Friday, February 18, 2011

There Arose a Great Storm Part II

Continuing with the last post where it was shown that the Lehi Colony could not have been in coastal waters, moving along the trade route to the east as Mesoamerican, Malay, and other theorists claim, we now come to the question of where did Nephi’s ship encounter the storm?

As Nephi wrote, after three days of suffering through this enormous tempest, “and they began to be frightened exceedingly lest they should be drowned in the sea; nevertheless they did not loose me. And on the fourth day, which we had been driven back, the tempest began to be exceedingly sore” (1 Nephi 18:13-14) and their ship was “about to be swallowed up in the depths of the sea” (1 Nephi 18:15).

The most tropical cyclones over the past centuries in this region were in the south of the Indian Ocean, more than 300 miles south of the Equator. In this area, around the 15º to 20º South Latitude, and ranging from November to April, the most severe cyclonic storms have occurred—with a peak period from mid-February to early March.

When the storm Nephi described became so severe, the ship floundered and careened about under the weight of the winds and high seas, and the gunnels threatened to sink beneath the waves, Laman and Lemuel and the sons of Ishmael were cowered to such an extent, they untied Nephi in hopes he might save them. At this point, the storm that “drove them back upon the waves” was in its fourth day and becoming quite violent.

Note that at this point, Nephi says: “after they had loosed me, behold, I took the compass, and it did work whither I desired it” (1 Nephi 18:21). Now, when Nephi was tied up, the Liahona ceased to work, “after they had bound me insomuch that I could not move, the compass, which had been prepared of the Lord, did cease to work (1 Nephi 18:12). Obviously, when the Liahona began to work again during the fourth day of the cyclonic storm, Nephi was able to steer the ship to where he would be free of the storm. And he prayed for their safety and guidance, and for the Liahona to show them where to go. He said, “and after I had prayed the winds did cease, and the storm did cease, and there was a great calm” (1 Nephi 18:21). So, with the compass working again, Nephi was able to steer the ship out of the storm track and into calm waters.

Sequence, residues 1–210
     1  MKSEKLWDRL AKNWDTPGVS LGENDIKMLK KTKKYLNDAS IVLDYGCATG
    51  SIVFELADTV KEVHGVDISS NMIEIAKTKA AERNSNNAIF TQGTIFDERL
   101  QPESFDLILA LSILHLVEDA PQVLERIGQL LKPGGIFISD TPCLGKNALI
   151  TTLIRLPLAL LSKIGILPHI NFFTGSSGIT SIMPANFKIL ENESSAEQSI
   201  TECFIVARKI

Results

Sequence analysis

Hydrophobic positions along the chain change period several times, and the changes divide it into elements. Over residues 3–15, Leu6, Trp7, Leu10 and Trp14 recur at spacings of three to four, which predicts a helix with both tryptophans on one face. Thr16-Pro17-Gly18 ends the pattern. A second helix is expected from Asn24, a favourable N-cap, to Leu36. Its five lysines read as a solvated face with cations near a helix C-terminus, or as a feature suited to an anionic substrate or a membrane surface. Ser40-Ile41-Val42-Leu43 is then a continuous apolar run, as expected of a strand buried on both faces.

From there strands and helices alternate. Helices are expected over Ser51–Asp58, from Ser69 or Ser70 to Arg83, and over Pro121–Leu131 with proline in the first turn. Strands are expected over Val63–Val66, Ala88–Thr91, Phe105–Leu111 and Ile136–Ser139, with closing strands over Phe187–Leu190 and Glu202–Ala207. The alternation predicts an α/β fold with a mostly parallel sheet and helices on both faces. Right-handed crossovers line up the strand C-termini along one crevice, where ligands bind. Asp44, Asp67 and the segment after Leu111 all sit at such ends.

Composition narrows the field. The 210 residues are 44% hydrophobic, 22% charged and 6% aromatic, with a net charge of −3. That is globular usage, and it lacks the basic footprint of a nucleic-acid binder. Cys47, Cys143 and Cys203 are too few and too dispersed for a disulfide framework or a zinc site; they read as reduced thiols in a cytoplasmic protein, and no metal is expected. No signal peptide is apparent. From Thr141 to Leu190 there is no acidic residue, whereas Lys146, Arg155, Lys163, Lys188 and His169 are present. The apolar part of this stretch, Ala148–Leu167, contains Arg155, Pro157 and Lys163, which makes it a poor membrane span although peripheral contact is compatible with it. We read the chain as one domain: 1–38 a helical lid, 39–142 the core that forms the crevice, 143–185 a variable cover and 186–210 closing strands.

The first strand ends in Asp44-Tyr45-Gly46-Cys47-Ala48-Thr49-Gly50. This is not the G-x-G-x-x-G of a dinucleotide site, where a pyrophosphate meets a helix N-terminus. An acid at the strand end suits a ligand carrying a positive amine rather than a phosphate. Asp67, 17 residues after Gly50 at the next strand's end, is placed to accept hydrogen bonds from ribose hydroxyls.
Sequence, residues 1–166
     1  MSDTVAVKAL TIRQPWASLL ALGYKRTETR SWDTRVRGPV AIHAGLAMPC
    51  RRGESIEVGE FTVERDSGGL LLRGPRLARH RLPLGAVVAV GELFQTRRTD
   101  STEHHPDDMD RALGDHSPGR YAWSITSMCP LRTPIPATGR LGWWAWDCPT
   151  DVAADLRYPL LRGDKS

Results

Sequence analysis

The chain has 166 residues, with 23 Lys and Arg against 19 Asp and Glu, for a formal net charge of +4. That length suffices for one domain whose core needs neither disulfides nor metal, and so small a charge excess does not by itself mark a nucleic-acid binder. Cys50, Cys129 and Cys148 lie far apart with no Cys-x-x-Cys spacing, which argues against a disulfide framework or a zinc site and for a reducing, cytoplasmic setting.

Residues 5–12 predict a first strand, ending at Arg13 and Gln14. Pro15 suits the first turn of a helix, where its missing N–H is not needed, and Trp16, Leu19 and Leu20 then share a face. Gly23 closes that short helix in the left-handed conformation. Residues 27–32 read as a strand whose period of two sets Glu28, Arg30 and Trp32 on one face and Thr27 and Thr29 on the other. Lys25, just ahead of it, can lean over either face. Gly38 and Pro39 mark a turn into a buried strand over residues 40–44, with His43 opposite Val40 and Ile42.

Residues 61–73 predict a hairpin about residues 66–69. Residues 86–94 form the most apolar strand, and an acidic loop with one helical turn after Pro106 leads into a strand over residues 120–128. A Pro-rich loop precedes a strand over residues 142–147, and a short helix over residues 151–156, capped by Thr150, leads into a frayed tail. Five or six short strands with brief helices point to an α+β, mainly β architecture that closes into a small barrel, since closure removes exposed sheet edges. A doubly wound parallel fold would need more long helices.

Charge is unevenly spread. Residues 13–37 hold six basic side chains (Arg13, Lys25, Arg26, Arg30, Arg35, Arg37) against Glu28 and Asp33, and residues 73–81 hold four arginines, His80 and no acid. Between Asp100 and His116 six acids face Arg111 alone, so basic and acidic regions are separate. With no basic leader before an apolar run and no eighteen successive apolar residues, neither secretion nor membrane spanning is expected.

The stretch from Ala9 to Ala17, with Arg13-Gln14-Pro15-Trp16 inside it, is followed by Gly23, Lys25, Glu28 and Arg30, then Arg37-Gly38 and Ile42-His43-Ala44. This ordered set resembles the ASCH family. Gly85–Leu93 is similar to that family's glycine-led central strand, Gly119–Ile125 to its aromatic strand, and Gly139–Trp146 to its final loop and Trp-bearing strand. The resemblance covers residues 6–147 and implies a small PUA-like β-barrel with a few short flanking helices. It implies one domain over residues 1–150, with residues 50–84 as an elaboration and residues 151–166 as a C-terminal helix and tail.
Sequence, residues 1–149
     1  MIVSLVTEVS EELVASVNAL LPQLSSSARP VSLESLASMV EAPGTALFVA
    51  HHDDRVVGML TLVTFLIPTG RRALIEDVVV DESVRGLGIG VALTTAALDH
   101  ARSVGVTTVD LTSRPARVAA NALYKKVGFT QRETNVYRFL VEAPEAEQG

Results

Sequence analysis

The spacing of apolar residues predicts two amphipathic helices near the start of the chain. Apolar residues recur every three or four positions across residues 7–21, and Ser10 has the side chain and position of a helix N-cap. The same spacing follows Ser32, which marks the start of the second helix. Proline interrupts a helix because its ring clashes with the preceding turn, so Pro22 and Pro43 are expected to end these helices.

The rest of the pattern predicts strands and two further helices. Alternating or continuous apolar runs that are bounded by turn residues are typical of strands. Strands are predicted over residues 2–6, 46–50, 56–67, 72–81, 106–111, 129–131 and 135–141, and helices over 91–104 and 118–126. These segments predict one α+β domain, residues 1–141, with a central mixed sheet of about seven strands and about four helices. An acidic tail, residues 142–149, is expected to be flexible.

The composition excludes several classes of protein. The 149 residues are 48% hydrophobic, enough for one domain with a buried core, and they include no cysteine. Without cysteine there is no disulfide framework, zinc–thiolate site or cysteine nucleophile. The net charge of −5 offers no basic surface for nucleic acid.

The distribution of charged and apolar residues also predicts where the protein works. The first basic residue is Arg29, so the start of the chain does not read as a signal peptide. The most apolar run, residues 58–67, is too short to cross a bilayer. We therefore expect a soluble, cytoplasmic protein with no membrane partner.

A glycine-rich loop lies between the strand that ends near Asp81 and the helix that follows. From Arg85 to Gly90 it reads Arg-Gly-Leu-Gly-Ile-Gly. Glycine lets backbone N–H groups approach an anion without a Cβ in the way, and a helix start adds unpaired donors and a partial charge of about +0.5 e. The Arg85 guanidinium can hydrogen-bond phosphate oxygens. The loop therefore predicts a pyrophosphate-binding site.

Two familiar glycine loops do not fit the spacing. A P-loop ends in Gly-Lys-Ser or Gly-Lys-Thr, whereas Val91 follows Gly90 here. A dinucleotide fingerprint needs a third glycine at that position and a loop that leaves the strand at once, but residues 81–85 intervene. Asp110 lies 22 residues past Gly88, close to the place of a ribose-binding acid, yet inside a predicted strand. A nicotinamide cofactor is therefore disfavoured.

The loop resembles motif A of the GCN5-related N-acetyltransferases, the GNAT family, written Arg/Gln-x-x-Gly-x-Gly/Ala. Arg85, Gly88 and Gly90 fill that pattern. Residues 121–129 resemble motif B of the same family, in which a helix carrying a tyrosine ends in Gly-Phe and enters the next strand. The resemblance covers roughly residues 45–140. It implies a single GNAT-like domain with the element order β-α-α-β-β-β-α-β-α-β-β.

It should be noted at this point that storms move inland and Nephi’s ship was being driven back in the direction from which he had come. Since ships move bow first, the ship was obviously turned to run before the storm and head back from whence it had come. It should also be noted that in the center of the southern Indian Ocean is the South Indian Ocean Gyre, which moves counter-clockwise. And in the center of this gyre is a low where storms originate, swirling counter-clockwise in direction, heading back toward the northwest. Thus, when the ship was sailing to the east of this inner current, the rebellious brothers took over the ship, but did not know where to steer it and became caught in the center of the storm area, which whirled the ship around and headed it back the way it had come.

After three full days, the ship had no doubt reached the northern limits of this gyre, where both north and south currents collide. When the compass began to work again, the boat could have been steered around the northern rim of this gyre and back down the east side, in calmer waters.

As a side note, we can determine about when Lehi’s ship was launched, for the winds and currents blow seaward from the Arabian shore only for six months of the year (from January to June), but Somalia Current blows into these southern winds and currents between April and December, thus the window for Lehi to set sail would have been between January and April.

In addition, the severe cyclonic storms originate in the Indian Ocean between November and April, but peak in severity between mid-February and early March. Therefore, assuming the severe storm Nephi describes was during the peak period of such storms in the area—a reasonable assumption because of its severity—Lehi’s ship would have had to reach the storm area between mid-February and early March. This means, the ship would have had to cover approximately 2200 miles from the Arabian coast (about 1/4th the distance Columbus sailed) to the storm area between January and mid- to late-February.

Under normal circumstances, Nephi’s ship would have averaged about 3-4 miles per hour (Columbus average 3 mph, with maximum speeds to 10-12 miles per hour), and reached the area in about 26 days. All other things being equal, Nephi’s ship would have left shore no earlier than January 15th and no later than February 6th. To have left at any other time would suggest that the storm Nephi described could not have occurred in the Arabian Sea or Indian Ocean.

Thus, within about 14 days of the wind changing and blowing out to sea, the Lehi colony left shore, after “the voice of the Lord came unto my father, that we should arise and go down into the ship” (1 Nephi 18:5), and after they had prepared all things, “much fruits and meat from the wilderness, and honey in abundance, and provisions according to that which the Lord had commanded us” (1 Nephi 18:6) they set sail for the promised land (1 Nephi 18:8) sometime between mid-January and early February.

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